- The Washington Times - Thursday, May 23, 2019

Acting Homeland Security Secretary Kevin McAleenan said Thursday that “100%” of illegal-immigrant families in the new border surge are being released into communities, rather than being held and deported.

He said within a month or two, they are also granted work permits, giving them a foothold to live and remain in the U.S. while their cases proceed through the immigration courts — a process that averages two years, and stretches even longer in some overwhelmed regions.

Mr. McAleenan said that system, rewarding unauthorized migrants who jump the border with exactly the thing they seek, is responsible for the record-breaking numbers.

“That is directly how smugglers are advertising,” he told the Senate Homeland Security Committee, adding that it applies not just to families seeking asylum.

The effects on the border have been stunning.

In 2012, only about 10,000 migrants traveling as families — meaning parent and child — were caught by Border Patrol at the border. Over the last two months alone, that number was 111,679 people.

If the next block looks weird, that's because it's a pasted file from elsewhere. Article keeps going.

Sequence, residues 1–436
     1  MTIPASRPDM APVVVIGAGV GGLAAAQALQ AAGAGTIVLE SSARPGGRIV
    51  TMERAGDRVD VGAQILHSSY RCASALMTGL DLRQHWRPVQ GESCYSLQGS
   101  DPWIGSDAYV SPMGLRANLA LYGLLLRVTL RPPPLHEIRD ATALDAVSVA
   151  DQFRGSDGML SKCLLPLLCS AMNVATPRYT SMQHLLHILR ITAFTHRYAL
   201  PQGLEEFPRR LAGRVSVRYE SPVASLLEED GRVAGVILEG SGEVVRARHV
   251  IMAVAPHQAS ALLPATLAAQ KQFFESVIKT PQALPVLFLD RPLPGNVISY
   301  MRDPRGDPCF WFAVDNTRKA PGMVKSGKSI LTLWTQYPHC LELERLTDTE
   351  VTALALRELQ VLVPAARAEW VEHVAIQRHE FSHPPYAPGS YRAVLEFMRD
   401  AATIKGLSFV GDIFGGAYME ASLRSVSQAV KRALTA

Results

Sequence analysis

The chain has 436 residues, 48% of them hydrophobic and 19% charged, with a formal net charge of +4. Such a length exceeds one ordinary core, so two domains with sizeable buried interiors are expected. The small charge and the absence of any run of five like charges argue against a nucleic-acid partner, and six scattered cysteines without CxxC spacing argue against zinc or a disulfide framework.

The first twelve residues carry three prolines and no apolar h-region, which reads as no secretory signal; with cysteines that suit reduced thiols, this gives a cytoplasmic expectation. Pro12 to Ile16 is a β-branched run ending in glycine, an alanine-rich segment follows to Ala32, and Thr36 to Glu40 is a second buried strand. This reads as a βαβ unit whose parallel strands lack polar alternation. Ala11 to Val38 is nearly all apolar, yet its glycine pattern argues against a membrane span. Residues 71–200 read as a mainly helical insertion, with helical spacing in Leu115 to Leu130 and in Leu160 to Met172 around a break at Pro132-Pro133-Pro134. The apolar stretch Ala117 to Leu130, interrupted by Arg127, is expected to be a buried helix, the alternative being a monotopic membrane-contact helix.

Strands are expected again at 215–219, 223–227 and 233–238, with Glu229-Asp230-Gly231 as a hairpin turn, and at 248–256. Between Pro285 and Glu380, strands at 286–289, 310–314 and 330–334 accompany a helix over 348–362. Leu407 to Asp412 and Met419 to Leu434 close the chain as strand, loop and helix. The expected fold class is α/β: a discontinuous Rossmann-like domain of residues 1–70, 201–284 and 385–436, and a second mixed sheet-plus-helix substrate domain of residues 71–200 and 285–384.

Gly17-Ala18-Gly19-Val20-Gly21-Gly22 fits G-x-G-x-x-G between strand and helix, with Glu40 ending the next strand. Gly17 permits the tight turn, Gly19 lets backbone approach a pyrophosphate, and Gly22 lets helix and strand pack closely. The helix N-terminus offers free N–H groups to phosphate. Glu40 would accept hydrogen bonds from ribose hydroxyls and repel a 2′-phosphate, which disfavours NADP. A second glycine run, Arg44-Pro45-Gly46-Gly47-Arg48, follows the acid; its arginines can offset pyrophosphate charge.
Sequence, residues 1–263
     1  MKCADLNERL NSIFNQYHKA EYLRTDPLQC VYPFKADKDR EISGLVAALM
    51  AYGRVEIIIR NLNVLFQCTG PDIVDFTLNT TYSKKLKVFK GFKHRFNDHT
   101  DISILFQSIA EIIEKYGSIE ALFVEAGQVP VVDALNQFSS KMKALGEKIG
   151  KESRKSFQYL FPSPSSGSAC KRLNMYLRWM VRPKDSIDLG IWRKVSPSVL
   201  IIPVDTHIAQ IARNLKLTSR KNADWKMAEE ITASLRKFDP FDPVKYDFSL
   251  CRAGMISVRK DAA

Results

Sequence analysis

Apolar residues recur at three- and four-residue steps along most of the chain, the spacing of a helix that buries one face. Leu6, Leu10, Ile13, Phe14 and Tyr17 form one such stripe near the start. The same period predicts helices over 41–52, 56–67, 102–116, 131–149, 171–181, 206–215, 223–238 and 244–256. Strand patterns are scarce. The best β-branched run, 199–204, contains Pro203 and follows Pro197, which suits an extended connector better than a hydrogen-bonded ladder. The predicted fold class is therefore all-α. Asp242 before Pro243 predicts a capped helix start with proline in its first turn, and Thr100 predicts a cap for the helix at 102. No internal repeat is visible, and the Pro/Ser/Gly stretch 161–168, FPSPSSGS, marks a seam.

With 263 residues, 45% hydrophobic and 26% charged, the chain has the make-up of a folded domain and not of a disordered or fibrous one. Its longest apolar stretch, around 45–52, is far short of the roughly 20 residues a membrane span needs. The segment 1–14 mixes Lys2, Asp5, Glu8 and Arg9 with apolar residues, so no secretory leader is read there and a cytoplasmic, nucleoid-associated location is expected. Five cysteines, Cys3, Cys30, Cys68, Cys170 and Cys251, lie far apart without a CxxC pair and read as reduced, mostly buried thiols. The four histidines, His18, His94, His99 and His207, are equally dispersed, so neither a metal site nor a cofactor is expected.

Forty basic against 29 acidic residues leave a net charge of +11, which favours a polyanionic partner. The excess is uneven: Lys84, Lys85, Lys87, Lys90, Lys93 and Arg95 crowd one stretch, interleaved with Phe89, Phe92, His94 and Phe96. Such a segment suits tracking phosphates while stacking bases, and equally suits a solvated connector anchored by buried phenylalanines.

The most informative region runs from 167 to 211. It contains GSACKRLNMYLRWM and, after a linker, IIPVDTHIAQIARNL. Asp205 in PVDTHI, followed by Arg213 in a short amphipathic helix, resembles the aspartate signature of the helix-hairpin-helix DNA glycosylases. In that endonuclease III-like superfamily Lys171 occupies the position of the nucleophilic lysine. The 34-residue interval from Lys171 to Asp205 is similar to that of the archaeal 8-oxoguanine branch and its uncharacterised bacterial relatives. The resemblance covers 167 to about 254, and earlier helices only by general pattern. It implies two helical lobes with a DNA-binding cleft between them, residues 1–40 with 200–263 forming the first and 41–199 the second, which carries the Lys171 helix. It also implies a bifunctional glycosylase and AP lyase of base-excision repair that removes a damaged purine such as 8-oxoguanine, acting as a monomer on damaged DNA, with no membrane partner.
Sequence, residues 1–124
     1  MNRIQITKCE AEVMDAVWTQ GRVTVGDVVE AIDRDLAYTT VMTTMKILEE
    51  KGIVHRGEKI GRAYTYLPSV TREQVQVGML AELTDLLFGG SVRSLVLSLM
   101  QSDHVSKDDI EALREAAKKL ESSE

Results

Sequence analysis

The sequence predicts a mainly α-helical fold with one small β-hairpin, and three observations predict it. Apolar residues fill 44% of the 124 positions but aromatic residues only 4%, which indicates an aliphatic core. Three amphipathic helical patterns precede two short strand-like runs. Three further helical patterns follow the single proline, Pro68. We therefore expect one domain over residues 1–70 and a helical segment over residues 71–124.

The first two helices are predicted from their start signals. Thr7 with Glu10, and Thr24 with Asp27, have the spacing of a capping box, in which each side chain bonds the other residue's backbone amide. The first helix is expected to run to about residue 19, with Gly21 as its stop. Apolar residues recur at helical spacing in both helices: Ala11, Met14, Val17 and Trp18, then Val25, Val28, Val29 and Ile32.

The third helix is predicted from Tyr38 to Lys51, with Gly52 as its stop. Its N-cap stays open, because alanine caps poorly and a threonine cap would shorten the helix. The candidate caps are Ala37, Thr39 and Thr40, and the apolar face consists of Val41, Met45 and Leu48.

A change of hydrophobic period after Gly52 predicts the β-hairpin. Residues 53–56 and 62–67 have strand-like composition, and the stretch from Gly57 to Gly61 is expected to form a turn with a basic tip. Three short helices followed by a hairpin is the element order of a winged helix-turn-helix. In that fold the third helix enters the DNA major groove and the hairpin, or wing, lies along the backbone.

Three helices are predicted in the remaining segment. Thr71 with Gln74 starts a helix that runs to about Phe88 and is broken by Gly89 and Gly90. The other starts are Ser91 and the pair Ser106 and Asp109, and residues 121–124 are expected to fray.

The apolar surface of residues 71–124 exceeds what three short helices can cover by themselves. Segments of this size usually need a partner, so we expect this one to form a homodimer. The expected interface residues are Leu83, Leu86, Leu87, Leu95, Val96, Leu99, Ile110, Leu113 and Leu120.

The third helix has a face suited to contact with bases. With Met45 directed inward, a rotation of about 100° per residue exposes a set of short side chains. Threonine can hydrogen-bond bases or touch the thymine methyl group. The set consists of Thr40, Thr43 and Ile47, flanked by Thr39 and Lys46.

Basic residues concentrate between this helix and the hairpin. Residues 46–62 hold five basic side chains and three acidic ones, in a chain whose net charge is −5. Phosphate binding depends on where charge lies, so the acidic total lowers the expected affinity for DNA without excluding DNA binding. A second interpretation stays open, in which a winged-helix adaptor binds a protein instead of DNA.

Many of the families end up ignoring their immigration court proceedings, and remain in the U.S. illegally even after they have been ordered deported.

That was brought into stark view this week when U.S. Immigration and Customs Enforcement revealed that an illegal immigrant teen affiliated with the violent international MS-13 street gang came into the U.S. as part of a family unit in 2015.

Josue Fuentes-Ponce and his family did not show up for their immigration hearing in 2017 and they were ordered deported in absentia — yet nobody ever went to look for the family.

The teen remained free in Maryland, where he was accused last year of attempted murder. ICE sought to deport him, but he was released from custody after local authorities did not honor a detainer request.

He now stands accused of the horrific murder of a 14-year-old girl in Maryland last month. Prosecutors say he and another illegal immigrant, 17-year-old Joel Ernesto Escobar, who arrived in the U.S. as an Unaccompanied Alien Child, used a bat to bash the girl and a machete to chop at her, suspecting she was going to rat them out over a gang-related robbery.

• Stephen Dinan can be reached at sdinan@washingtontimes.com.

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